Studer Community Institute

Lessons from Brockton High School

  • June 30, 2015
  • /   Reggie Dogan
  • /   education
In 1999, the Boston Globe on its front page vilified Brockton High School as the “cesspool of education.” The low-performing public school was among the worst in New England. Only 7 percent of students were proficient in math, and 22 percent met requirements in reading. Seventy-five percent of students failed the math portion of the state standardized test; 44 percent failed in English/language arts. Five years later, Brockton had risen to among the best schools in Massachusetts. In 2009, The New York Times profiled the school's meteoric rise as a model of public education. In a front-page feature, The Times called Brockton High School a "jewel." The story laid out how Principal Sue Szachowicz and staff of the state’s largest school dramatically changed its culture and turned it into one of the nation’s top performing high schools.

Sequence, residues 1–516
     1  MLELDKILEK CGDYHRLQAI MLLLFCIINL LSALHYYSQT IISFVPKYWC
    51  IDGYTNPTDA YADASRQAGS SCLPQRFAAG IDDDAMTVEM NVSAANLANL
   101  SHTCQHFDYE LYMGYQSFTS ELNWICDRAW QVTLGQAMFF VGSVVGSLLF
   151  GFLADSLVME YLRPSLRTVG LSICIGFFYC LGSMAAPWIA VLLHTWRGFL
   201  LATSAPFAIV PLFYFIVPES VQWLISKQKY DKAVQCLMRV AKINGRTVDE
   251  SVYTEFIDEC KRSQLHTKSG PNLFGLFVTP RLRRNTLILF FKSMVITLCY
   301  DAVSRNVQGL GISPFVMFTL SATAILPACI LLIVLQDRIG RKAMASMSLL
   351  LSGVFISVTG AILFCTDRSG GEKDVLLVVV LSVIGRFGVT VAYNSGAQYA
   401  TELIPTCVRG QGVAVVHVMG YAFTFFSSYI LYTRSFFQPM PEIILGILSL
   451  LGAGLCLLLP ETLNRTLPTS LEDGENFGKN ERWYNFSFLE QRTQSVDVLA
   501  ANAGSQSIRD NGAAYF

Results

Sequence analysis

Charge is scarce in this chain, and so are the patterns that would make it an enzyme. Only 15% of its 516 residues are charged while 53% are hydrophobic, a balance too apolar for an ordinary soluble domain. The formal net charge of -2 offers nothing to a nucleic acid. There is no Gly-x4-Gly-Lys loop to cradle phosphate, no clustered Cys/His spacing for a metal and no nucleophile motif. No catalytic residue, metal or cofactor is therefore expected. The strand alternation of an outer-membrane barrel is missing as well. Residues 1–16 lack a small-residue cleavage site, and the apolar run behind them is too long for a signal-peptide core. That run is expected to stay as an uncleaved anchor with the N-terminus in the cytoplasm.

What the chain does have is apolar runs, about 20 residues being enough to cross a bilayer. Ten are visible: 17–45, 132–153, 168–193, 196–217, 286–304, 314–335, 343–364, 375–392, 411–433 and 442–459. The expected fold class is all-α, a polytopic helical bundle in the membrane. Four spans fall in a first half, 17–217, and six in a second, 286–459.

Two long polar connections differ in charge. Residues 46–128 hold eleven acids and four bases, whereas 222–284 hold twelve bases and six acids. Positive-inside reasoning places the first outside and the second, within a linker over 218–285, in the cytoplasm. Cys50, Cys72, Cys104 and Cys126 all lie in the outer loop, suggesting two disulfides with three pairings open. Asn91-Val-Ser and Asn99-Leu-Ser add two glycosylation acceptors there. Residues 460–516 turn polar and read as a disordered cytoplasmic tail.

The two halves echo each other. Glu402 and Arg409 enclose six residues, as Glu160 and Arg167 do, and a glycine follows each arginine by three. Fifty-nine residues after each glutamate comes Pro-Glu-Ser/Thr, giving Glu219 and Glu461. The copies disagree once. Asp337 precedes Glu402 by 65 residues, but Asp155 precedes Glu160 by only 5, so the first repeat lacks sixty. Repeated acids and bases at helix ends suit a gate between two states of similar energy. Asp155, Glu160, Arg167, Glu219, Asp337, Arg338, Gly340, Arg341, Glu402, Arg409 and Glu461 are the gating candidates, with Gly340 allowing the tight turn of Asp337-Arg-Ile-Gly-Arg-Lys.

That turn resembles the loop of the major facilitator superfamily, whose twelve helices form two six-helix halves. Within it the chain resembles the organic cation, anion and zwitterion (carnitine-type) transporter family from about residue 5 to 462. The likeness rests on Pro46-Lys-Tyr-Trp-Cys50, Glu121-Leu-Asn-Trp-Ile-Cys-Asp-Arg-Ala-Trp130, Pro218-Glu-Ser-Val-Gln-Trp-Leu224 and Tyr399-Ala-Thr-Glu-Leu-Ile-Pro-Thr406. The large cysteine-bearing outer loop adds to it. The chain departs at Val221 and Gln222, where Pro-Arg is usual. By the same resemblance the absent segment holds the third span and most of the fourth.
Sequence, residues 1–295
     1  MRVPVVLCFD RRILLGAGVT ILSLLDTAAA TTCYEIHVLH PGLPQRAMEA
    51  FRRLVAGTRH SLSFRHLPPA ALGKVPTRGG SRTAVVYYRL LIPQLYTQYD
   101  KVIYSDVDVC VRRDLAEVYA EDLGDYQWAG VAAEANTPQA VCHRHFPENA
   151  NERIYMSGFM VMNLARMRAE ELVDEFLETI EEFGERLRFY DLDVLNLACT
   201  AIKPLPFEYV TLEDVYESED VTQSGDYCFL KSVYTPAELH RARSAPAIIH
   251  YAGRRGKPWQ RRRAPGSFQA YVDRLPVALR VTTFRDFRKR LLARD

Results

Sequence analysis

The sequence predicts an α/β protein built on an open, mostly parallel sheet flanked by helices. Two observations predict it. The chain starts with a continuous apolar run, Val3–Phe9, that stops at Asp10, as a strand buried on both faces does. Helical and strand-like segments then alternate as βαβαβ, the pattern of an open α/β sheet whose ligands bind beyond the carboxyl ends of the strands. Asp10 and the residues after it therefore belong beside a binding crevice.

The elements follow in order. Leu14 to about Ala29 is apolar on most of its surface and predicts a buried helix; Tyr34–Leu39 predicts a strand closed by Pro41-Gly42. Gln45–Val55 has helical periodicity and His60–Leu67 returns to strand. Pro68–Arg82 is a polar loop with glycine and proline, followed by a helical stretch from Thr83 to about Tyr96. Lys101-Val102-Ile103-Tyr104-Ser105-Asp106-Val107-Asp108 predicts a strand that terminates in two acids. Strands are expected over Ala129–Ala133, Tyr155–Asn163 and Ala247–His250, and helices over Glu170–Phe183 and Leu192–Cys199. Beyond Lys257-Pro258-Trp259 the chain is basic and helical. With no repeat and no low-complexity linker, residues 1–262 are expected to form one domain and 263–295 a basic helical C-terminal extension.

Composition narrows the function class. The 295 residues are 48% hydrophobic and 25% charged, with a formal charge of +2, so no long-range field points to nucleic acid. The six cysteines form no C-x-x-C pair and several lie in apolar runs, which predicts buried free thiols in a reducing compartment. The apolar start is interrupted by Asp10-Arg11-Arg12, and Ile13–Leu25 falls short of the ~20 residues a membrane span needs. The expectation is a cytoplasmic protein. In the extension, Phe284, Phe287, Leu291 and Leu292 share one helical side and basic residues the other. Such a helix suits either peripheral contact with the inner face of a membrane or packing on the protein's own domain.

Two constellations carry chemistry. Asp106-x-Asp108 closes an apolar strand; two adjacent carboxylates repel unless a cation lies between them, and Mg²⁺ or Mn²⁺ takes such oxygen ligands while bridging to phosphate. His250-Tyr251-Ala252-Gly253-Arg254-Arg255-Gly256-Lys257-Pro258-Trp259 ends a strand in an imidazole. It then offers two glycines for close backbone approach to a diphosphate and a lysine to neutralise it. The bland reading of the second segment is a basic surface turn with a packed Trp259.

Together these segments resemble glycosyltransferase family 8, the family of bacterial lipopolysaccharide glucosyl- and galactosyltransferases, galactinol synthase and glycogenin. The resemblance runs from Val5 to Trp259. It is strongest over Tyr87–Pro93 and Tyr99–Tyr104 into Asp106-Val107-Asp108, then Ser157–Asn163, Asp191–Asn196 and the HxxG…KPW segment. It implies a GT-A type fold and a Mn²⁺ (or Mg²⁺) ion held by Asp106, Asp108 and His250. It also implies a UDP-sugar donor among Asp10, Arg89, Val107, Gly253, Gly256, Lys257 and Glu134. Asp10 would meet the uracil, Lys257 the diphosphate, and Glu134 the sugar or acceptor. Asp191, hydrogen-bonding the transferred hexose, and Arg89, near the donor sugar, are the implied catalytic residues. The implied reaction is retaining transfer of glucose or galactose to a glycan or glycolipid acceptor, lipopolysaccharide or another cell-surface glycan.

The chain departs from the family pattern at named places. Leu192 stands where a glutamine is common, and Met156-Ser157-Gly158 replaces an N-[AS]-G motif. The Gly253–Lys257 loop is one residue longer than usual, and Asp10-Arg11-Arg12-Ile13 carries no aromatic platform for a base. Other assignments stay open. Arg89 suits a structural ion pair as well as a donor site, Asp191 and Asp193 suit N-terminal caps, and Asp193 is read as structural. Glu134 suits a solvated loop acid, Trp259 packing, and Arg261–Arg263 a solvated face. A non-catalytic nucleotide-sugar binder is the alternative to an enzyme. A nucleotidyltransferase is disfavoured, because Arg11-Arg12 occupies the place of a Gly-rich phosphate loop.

Szachowicz had been a student, teacher, assistant principal and principal at Brockton. She’s now a senior fellow for International Center for Leadership in Education, and a featured speaker at the 2015 Model Schools Conference in Atlanta. Szachowicz on Tuesday, June 30, told the uplifting story of Brockton High’s meteoric rise to the top in education to hundreds of educators from around the country, laying out a blueprint for others to model. “How did we do this?” said Szachowicz, her words dripping with a thick New England accent. “It started with a team.” Selecting the right team is critical. At Brockton, the dream team was about two-third of teachers from different grades and subjects, and some principals, with a teacher and principal as co-chairs. Positive traits of a strong team include trustworthiness, accountability, reliability and honesty. Szachowicz was emphatic: "There is no silver bullet." Clearly, it took a lot of time, energy and passion, she said. And a key part was empowering the team to take ownership of the problems and find simple but sustainable solutions to fix them. At school, the formula was a complete focus on literacy with a heavy dose of writing in every subject, every class, every day. “At first we did it because we had to,” she said. “Now we do it because it works.” The largest high school in the state with more than 4,200 students, Brockton today is known nationally as the leader in urban education. The International Center for Leadership in Education, which each year recognizes 30 schools across the country that have met or exceeded the demands of No Child Left Behind Act, has named BHS a Model School for a record 12 straight years. U.S. News & World Report has twice identified the school as one of the nation’s best since 2007. The lesson applied and learned can be implemented at any school, anywhere, using five principles, Szachowicz said: focus, consistency, persistence, monitoring and replication. Brockton High put together a performance plan that placed constant and consistent attention on reading, writing, speaking and reasoning. “We didn’t focus on the test, we focused on literacy,” Szachowicz said. “It’s simple, not easy but simple.” As a model high school, Brockton’s success has been initiated and imitated, with measurable and admirably success, in schools throughout the nation. Virginia’s Mount Vernon High School and Poughkeespie High School in New York are two examples of schools that duplicated Brockton succesful strategy with glowing results. Education guru Pedro Noguera praised the school’s concerted effort, saying: “At Brockton, you don’t have to change the student, you have to change the condition under which they learn.” Brockton dispels the notion the schools in economically deprived communities can’t thrive. Nicknamed the Boxers, Brockton is an urban school in a tough neighborhood about 25 miles from Boston. It is the proud home of legendary pugilists Rocky Marciano and “Marvelous” Marvin Hagler. Not only the state’s largest school, it is also one of the most diverse — more than 80 percent of students are come from low-income households and more than a third speak a language other than English at home. What sets it apart is high expectations and a dedicated academic focus, a strong sense of school spirit and community pride. Principal Sharon Wolder credits the school’s success to maintaining consistent with its improvement plan, and implementing a complete school-wide focus on literacy and empowering staff to increase achievement for all students. “What we do for ourselves, we do for the kids,” said Wolder. “We’re sustained by using methods that work for kids and adults.” When Wolder was hired as a teacher during the school’s struggling years, people told her she “would be dead in a week.” She rose from teacher, to housemaster, to associate principal to principal over the past 21 years. “We try to make things better everyday for our students,” she said. “It’s the only school in the (ICLE) to be a model school for 12 years.” With a 93 percent attendance rate and only a 1 percent dropout rate, Brockton graduated 922 students in 2015, and 91 percent of them received acceptance to college. While Szachowicz is no longer at the school, she’s a lifelong Boxer who carries the message of Brockton’s rise from the bottom to the top with pride and satisfaction. “If we can do it, anybody can do it,” Szachowicz said. “They called us a cesspool, now they call us a jewel.”.